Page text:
It came to my attention that I had written a letter to the editor of the New York Times this past February, which in and of itself isn’t that weird. I mean, hey, I keep up on current events, I read the newspaper. Why not write a letter to the editor? Well, today I discovered that on February 29th they had published this letter, because I found the link to it right here
My letter is the second one down, and it reads:
Realistic in Detroit
To the Sports Editor:
In defending the Yankees’ acquisition of Alex Rodriguez, Harvey Schiller argues (”Yanks’ Savvy Move Should Be Blessing For All of Baseball,” Feb. 22) that “in a perfect world, there would be more A-Rods available” for everyone. He points to the fact that our youngsters are being lulled away from the baseball field by video games and television.
Here in Michigan, we are ecstatic because the Tigers have finally acquired a player people have heard of, Ivan Rodriguez. The Yankees light their cigars with Ivan Rodriguezes. Detroit cannot afford to put together a competitive team when there is an increasingly unipolar talent pool.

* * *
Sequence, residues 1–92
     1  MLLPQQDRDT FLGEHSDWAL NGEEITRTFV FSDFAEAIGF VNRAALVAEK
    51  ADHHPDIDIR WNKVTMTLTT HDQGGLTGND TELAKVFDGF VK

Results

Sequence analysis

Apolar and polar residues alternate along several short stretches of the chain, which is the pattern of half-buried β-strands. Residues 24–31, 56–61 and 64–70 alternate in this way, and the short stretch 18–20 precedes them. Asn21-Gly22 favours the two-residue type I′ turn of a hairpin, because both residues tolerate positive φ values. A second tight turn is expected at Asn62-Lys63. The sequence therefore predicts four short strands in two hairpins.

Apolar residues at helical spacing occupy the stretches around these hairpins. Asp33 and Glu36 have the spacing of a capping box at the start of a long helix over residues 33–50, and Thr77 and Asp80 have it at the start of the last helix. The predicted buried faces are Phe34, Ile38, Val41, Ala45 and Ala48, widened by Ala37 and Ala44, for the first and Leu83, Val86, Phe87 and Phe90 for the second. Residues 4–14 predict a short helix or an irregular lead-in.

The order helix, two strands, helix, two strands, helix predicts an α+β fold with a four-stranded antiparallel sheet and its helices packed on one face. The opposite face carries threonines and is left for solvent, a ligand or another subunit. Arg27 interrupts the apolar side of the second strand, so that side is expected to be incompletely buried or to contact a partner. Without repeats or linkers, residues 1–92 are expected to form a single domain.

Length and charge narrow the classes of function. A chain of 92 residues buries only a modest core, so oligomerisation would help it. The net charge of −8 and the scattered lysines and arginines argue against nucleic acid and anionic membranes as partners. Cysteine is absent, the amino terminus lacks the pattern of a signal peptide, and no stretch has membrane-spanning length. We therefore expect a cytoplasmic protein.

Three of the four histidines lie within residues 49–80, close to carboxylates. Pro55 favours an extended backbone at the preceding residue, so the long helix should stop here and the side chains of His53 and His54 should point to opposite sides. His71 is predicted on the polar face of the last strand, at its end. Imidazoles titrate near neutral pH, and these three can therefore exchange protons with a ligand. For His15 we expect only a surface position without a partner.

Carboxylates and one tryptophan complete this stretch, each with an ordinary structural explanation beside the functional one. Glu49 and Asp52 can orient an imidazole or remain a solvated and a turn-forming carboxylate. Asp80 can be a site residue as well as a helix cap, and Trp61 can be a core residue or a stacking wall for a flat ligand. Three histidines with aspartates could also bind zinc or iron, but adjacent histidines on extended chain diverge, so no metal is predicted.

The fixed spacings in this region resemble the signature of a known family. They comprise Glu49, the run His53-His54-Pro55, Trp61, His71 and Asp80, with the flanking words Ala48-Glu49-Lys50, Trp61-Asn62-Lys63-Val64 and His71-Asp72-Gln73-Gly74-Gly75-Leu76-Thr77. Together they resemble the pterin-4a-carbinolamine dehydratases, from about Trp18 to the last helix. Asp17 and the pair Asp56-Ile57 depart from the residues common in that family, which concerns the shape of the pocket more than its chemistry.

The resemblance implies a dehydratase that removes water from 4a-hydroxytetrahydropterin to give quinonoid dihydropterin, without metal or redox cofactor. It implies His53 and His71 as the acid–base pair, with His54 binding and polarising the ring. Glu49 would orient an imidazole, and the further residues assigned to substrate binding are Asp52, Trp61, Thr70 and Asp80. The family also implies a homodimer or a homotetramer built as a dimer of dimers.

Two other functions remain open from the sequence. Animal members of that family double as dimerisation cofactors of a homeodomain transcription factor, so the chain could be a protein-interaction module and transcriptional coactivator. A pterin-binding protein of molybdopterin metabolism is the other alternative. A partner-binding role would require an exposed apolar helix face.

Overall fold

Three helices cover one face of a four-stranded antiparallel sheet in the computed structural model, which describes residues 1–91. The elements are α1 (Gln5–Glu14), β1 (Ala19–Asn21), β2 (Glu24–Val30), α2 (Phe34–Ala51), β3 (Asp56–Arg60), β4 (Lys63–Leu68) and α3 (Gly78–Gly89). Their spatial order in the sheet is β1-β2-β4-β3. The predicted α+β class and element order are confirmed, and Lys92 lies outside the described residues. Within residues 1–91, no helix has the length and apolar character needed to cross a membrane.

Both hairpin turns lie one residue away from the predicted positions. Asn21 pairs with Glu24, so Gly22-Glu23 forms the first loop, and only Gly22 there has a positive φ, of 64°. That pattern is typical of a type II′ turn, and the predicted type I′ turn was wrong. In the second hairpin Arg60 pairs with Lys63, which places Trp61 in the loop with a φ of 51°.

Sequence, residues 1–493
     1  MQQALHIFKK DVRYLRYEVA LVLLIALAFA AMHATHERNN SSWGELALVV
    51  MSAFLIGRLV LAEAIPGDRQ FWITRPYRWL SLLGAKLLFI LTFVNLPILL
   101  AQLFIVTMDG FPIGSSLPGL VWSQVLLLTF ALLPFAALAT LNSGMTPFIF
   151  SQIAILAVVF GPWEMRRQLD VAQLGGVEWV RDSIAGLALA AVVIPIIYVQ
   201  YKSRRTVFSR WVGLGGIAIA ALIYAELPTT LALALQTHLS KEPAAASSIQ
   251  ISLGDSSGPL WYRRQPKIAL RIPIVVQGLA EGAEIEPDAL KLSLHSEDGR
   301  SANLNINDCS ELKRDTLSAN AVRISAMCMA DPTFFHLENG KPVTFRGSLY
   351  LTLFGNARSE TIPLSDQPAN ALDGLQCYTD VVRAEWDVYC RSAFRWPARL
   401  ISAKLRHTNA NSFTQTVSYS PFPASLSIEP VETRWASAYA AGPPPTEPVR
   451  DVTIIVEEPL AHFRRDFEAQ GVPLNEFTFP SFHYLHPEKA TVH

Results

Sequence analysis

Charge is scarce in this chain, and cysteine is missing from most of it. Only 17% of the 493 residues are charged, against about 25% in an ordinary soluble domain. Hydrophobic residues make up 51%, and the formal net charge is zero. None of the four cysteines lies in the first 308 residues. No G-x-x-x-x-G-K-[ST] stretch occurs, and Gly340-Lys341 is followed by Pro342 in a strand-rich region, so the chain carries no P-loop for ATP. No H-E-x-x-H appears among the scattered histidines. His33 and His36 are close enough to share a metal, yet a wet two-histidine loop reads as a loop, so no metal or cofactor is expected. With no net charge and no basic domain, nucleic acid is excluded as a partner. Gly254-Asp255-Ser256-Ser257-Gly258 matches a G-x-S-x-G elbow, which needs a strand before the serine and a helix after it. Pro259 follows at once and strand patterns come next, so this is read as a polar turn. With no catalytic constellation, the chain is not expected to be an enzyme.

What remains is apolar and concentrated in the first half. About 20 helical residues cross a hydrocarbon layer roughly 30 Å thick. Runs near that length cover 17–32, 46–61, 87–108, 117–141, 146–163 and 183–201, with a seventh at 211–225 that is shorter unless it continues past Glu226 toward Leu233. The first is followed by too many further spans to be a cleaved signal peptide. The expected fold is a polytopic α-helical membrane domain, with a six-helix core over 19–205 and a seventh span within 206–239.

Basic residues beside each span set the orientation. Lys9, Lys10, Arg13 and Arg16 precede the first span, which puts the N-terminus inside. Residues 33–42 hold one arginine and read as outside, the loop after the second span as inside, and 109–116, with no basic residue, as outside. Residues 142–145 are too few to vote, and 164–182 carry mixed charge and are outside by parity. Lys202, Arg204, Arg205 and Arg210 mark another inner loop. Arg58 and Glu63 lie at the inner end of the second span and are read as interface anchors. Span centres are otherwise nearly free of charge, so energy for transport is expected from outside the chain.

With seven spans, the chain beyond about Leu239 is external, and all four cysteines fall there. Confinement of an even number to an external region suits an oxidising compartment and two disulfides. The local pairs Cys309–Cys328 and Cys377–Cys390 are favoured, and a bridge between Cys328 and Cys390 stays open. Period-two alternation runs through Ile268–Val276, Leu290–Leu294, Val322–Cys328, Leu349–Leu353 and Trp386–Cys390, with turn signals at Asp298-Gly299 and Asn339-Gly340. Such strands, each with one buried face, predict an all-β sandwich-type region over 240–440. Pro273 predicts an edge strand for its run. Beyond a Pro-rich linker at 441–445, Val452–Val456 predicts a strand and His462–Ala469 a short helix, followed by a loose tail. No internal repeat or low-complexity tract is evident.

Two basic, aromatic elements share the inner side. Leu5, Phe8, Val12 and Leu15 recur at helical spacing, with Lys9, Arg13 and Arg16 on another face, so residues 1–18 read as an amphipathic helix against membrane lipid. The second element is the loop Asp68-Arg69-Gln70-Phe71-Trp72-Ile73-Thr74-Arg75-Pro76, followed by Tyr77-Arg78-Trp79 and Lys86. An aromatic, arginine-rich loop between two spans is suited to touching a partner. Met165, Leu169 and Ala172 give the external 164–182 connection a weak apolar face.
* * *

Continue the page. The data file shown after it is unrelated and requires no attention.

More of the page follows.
Schiller’s argument is tangential because player talent is relative. In a world of A-Rods, there would still be only a handful of A-plus-Rods, and the Yankees would gobble them up.
East Lansing, Mich.
Honestly, what the hell? There’re so many things wrong with me writing this letter to the editor. Consider these four factoids:
1) I don’t like baseball. I can’t stand watching it, and I certainly don’t keep up with baseball news—especially not to the extent that I write letters to the New York Times sports’ editor detailing my opinions about some random player acquisition.
2) “A-plus-Rods”? Oh, man. That’s one of the worst jokes I’ve ever heard.
3) The phrase “increasingly unipolar talent pool.” I have absolutely no idea what it means.
4) I am in no way “ecstatic” that the Tigers have acquired Ivan Rodriquez. Honestly, I’m not even mildly pleased that they’ve signed this baseball player. In fact, until I read this letter, I didn’t even know that they had.
The weird thing is that I sort of remember writing the letter, but I completely fail to remember why. One of these days I’m going to wake up and discover that I inexplicably own some random bagel sandwich shop in Montana or something, and I’m not going to be able to do a damned thing about it.